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Krokodil: The New Killer


“Krokodil” is a new and terrifying addition to the chronic drug epidemic in the United States. Its effects are sudden, horrific, and deadly. Information from the United States is currently limited because of the drug’s recent appearance in the American drug culture. We intend to bring some clarity to the confusion regarding Krokodil. Misinformation is rampant, with devastating effects among so many who are unaware of the immediate consequences of using this drug. While the international community has some experience with Krokodil, the United States and its drug prevention communities must make itself aware of how to recognize and treat these addictions.

Krokodil was apparently developed initially in Russia near the turn of the 21st century. The name comes from the green and scaly skin that develops on the user’s skin, resembling that of a crocodile. Health officials in Arizona have confirmed multiple cases of the drug’s use within that state. It quickly became known among its users for its flesh-eating property. The drug is a combination of codeine and such substances as rubbing alcohol or turpentine. When cooked together and injected, Krokodil can cause flesh to rot and expose bone and muscle tissue. Its addictive power is similar to that of heroin, but it appears to be much cheaper to produce. This substance is so new within the borders of the United States that the U.S. Drug Enforcement Agency has not yet listed Krokodil among its drugs of abuse. Currently this list includes cocaine, marijuana, heroin, and methamphetamines.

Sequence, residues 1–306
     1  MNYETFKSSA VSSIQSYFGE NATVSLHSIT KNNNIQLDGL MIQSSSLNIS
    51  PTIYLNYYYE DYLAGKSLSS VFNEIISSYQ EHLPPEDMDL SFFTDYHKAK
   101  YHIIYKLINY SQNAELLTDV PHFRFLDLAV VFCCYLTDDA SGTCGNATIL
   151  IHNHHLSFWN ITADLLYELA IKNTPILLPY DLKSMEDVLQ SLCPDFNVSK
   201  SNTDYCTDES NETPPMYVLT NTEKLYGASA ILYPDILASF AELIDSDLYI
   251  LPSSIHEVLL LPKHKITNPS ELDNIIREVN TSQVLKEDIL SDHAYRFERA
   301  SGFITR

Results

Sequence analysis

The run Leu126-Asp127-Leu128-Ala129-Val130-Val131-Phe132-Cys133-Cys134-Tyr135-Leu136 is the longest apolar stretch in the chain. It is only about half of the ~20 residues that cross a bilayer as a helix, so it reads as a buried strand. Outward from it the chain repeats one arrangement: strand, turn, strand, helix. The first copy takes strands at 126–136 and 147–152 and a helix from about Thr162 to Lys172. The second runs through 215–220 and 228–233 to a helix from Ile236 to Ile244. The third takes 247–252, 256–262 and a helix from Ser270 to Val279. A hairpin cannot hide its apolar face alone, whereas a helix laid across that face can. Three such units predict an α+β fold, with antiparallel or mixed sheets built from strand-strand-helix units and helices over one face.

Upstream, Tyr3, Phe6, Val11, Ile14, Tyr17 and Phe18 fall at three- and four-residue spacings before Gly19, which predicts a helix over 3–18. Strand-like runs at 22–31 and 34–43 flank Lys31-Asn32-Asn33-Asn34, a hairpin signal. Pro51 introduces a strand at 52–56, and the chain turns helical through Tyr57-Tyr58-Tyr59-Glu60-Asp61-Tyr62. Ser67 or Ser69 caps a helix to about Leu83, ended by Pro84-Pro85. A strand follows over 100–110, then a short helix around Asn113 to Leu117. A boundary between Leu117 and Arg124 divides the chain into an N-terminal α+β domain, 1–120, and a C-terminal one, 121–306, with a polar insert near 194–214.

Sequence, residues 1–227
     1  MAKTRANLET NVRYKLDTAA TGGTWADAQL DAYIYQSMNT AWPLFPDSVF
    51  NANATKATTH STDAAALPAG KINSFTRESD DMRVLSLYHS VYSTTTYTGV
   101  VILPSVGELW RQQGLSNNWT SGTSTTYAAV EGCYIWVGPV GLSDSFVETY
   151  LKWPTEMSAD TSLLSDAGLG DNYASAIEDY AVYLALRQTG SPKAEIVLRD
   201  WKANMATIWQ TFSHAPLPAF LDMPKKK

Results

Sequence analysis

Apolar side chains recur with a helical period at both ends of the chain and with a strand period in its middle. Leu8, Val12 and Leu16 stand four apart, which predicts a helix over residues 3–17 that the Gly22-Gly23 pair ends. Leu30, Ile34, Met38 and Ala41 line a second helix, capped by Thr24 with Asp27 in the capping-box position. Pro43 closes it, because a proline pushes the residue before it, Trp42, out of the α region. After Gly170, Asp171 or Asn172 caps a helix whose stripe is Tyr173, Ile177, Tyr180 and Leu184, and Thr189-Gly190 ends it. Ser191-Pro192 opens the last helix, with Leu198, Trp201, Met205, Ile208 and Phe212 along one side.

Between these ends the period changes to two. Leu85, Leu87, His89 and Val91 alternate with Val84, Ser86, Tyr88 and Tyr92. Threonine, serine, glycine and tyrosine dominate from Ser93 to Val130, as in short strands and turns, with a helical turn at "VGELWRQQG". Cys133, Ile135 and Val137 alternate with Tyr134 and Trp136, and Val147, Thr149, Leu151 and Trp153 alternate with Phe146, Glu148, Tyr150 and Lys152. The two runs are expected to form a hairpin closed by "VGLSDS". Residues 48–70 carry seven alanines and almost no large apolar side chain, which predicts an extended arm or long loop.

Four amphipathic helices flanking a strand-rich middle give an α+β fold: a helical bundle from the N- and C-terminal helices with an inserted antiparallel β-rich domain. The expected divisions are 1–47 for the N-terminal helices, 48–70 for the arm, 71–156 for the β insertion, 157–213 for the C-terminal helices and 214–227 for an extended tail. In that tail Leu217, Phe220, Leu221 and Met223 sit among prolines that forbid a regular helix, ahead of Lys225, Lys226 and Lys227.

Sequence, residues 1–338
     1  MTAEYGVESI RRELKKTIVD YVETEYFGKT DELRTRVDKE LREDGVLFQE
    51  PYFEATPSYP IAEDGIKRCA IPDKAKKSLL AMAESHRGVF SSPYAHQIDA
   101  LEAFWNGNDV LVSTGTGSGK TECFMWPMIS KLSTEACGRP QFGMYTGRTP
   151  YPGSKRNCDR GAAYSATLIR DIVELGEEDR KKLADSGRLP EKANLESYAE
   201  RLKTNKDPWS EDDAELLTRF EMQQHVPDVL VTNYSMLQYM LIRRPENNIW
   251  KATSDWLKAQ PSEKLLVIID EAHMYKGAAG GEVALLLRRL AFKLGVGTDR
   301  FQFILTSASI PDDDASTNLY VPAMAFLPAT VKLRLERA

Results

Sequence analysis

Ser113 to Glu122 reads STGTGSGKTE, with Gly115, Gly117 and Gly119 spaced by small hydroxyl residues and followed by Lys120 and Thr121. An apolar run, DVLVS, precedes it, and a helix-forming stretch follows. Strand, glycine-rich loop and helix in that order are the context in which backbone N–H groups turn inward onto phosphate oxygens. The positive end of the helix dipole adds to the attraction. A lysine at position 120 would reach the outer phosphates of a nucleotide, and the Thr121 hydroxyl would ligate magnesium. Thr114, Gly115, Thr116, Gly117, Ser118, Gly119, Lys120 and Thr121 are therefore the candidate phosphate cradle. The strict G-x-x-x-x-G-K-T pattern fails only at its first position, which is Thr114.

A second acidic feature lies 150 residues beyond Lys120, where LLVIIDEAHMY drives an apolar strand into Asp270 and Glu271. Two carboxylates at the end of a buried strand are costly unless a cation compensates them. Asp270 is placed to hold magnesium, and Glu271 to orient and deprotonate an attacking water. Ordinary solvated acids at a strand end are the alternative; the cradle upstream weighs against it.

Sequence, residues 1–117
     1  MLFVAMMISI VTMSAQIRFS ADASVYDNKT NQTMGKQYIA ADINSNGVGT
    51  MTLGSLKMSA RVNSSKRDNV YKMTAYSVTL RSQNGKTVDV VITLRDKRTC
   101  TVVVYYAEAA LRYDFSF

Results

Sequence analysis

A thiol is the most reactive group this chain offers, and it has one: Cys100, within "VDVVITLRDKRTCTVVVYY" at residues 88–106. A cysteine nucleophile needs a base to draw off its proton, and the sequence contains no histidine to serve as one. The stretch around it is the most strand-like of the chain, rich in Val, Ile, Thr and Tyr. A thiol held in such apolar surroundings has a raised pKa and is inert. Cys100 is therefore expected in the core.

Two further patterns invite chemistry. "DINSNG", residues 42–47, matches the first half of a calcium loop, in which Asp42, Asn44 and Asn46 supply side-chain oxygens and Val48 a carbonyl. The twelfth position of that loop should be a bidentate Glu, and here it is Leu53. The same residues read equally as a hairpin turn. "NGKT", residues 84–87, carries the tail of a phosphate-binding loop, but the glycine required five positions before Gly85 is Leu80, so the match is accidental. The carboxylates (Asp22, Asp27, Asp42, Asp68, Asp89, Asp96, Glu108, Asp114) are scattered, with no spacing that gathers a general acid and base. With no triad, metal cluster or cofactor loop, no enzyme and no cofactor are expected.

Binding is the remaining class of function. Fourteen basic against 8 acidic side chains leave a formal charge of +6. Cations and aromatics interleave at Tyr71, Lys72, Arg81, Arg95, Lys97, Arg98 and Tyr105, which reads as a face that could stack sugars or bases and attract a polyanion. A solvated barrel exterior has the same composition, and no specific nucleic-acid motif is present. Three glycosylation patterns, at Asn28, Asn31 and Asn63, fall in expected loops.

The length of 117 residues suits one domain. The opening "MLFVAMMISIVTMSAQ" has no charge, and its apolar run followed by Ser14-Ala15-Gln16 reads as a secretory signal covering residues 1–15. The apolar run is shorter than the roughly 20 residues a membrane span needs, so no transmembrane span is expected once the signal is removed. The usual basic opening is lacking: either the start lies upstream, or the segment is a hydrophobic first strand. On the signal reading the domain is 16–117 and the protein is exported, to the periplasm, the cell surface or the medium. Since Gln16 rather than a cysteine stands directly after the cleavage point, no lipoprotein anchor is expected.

The international history of this drug has shown that it can be found in areas where heroin did not become prevalent. Krokodil is connected with a pattern of increased injectable-drug use that was observed in Russia and surrounding countries over the last 20 years. The refinement and development of Krokodil has been shown to be comparable to the home production increase of methamphetamines. Researchers have shown that the analgesic effect of Krokodil can be upwards of 10 times greater than that of morphine and significantly stronger than that of heroin. Not enough research has been conducted to distinguish the characteristics of different production methods of Krokodil in relation to their potency and outward characteristics of use. The effects of the drug immediately after use are intense but apparently short-lived. This pattern is consistent with its repeated use being due to financial availability. Further, the devastating physical effects are compounded and spread throughout the entire body. Some reports by NGOs have shown that some of these users of Krokodil do not have a history of drug use. Therefore, the prediction of use is currently unclear (Grund et al., 2013).